ASM cells were incubated in 5 µM fluo-4/AM (#F14217, Invitrogen) for 60 min at room temperature and visualized using a 96-well fluorescence imaging plate reader with robotic pipetting capabilities (FlexStation 3, Molecular Devices, Sunnyvale, CA). Cells were initially perfused with HBSS (2.5 mM Ca2+ at room temperature), and baseline fluorescence levels established. Fluo-4 was excited at 495 nm and fluorescence emissions collected separately at 510 nm. [Ca2+]i was quantified from fluo-4 levels using previously described empirical calibration procedures [14].

For agonist responses, ASM cells exposed to medium alone (control), or 1 nM BDNF in the presence or absence of inhibitors of signaling pathways were initially perfused with HBSS (2.5 mM Ca2+ at room temperature) for 30 s, and then exposed to 1 µM ACh or 10 µM histamine in HBSS to elicit [Ca2+]i responses. The baseline, peak and plateau values of these responses were measured.

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Figure 4. Effect of prolonged BDNF exposure on expression of membrane-associated Ca2+ regulatory proteins in human ASM cells.

Western blot analysis demonstrated increased expression of the ectoenzyme CD38, and the Ca2+ influx regulatory components Orai1 and STIM1, but not TRPC3 (A, B). Inhibition of MAP kinases with PD98059, PI3/Akt with Wortmannin, or NFκB with SN50 had differential blunting effects on BDNF enhancement of CD38 vs. STIM1 vs. Orai1 (A, B; see text for detailed description). Consistent with these results, inhibition of signaling intermediates (see Methods for details) such as ERK, Raf, RSK and IKK blunted the effects of BDNF on CD38, while effects on STIM1 were more affected by IKK inhibition (C, D). In contrast, inhibition of Akt was generally less effective. Protein expression was normalized to GAPDH. *Significant difference from control; #Significant effect of inhibitor. Values are means ± SE (n = 4 patients).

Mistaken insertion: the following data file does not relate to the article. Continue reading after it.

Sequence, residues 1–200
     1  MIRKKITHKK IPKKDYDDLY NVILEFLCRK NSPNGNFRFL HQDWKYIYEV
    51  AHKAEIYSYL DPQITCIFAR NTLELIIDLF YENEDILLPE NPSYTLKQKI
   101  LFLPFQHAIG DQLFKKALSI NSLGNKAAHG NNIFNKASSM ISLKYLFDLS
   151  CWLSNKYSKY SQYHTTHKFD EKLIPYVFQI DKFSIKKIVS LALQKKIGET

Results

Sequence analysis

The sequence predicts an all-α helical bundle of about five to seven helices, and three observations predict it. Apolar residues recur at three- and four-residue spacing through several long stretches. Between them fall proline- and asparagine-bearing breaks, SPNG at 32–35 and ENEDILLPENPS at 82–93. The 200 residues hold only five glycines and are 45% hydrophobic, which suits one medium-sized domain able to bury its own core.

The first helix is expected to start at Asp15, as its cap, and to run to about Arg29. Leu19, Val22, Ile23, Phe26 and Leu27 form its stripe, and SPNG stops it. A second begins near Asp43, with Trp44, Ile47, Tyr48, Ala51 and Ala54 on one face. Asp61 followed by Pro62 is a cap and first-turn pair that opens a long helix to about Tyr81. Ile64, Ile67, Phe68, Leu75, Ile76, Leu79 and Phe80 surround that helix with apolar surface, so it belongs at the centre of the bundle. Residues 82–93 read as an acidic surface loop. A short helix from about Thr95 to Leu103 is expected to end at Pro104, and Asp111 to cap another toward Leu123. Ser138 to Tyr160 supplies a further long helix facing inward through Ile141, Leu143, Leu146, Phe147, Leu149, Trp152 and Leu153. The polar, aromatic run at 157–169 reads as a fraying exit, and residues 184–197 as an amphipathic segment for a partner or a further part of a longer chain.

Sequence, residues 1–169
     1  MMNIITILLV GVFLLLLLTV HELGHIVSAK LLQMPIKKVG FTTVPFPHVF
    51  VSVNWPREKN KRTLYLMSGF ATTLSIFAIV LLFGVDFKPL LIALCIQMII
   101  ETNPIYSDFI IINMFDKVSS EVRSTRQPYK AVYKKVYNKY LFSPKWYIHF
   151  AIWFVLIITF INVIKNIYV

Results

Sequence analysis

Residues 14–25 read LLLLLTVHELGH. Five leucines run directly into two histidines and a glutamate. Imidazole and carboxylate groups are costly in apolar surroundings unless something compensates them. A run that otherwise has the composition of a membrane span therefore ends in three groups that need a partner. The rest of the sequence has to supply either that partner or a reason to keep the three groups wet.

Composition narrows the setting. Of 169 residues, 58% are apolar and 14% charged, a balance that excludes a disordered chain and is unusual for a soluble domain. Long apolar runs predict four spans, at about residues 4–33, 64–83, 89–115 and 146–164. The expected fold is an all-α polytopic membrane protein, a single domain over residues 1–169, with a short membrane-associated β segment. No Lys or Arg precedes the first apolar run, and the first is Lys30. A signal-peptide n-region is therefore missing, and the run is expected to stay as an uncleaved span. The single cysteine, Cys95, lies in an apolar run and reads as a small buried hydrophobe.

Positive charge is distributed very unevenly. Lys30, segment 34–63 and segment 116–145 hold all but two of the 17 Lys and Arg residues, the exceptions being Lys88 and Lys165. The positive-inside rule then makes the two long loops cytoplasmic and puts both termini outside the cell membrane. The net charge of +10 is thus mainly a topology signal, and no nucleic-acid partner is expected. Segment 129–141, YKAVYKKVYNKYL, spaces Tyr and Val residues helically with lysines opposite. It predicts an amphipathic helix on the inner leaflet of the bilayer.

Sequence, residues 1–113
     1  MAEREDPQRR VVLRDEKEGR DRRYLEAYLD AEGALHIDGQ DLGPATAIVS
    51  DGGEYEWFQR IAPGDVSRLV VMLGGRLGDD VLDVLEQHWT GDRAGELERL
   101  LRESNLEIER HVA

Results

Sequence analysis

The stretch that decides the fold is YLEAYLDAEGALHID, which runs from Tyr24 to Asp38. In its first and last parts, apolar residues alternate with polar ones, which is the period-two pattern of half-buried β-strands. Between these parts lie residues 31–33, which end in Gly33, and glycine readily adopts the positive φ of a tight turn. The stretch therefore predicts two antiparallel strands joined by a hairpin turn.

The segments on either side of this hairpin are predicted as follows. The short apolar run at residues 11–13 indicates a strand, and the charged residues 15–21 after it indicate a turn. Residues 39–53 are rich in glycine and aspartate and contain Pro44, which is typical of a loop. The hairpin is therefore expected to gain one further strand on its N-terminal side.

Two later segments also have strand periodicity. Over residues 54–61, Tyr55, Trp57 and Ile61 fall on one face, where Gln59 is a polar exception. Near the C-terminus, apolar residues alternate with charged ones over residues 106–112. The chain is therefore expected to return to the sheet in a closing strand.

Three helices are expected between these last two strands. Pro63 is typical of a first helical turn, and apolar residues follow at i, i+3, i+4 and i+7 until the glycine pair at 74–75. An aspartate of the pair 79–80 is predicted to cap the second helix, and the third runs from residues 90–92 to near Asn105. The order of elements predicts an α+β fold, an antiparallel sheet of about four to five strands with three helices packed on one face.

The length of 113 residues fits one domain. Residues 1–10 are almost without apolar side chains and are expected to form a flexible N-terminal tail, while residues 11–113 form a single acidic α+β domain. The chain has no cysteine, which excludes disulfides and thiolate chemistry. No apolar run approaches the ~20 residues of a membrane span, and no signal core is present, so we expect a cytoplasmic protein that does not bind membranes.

https://doi.org/10.1371/journal.pone.0044343.g004

For examining store-operated Ca2+ entry (SOCE), a major [Ca2+]i regulatory mechanism in ASM [26][28], we used previously described protocols [26]. Briefly, ASM cells were washed with HBSS and extracellular Ca2+ removed by perfusion with zero-Ca2+ HBSS (5 mM EGTA). Cells were then exposed to 1 µM nifedipine and 10 mM KCl in the continued absence of extracellular Ca2+ and the sarcoplasmic reticulum passively depleted by 10 µM cyclopiazonic acid (CPA), an inhibitor of the sarco(endo)plasmic reticulum Ca2+-ATPase (SERCA). The intent of adding nifedipine and KCl was to prevent unwanted Ca2+ influx via L-type channels, and to clamp the membrane potential to avoid Ca2+ entry via other voltage-sensitive channels [26]. Following sarcoplasmic reticulum depletion, 2.5 mM extracellular Ca2+ was rapidly reintroduced in the continued presence of CPA and the observed [Ca2+]i elevation relative to the levels in 0 Ca2+ and CPA measured as an index of SOCE.

siRNA Transfections

The techniques for siRNA transfection in human ASM cells has been previously described [22]. Briefly, human ASM cells were grown on 8 well Lab-teks or 100 mm plates to approximately 50% confluence. Negative control (#4611) or protein-specific siRNAs (CD38, 216908; Orai1, 119606; Stromal interaction molecule 1 (STIM1), 4392421; Invitrogen; Transient receptor potential cation channel 3 (TRPC3), J-006509-07; Thermo Scientific; 20 nM each) were permitted to form complexes with Lipofectamine™ 2000 per manufacturer’s instructions. Culture media was removed and replaced with fresh serum free DMEM/F12 lacking antibiotics. siRNA and Lipofectamine complexes were then added for 6 h followed by addition of DMEM/F12 containing 10% FBS. After 24 h, transfection medium was removed and replaced with fresh DMEM/F12 containing 10% FBS for an additional 24 h. Finally, serum free DMEM/F12 was used for an additional 48 h, following which experimental protocols were performed. Specific protein suppression was confirmed by Western analysis.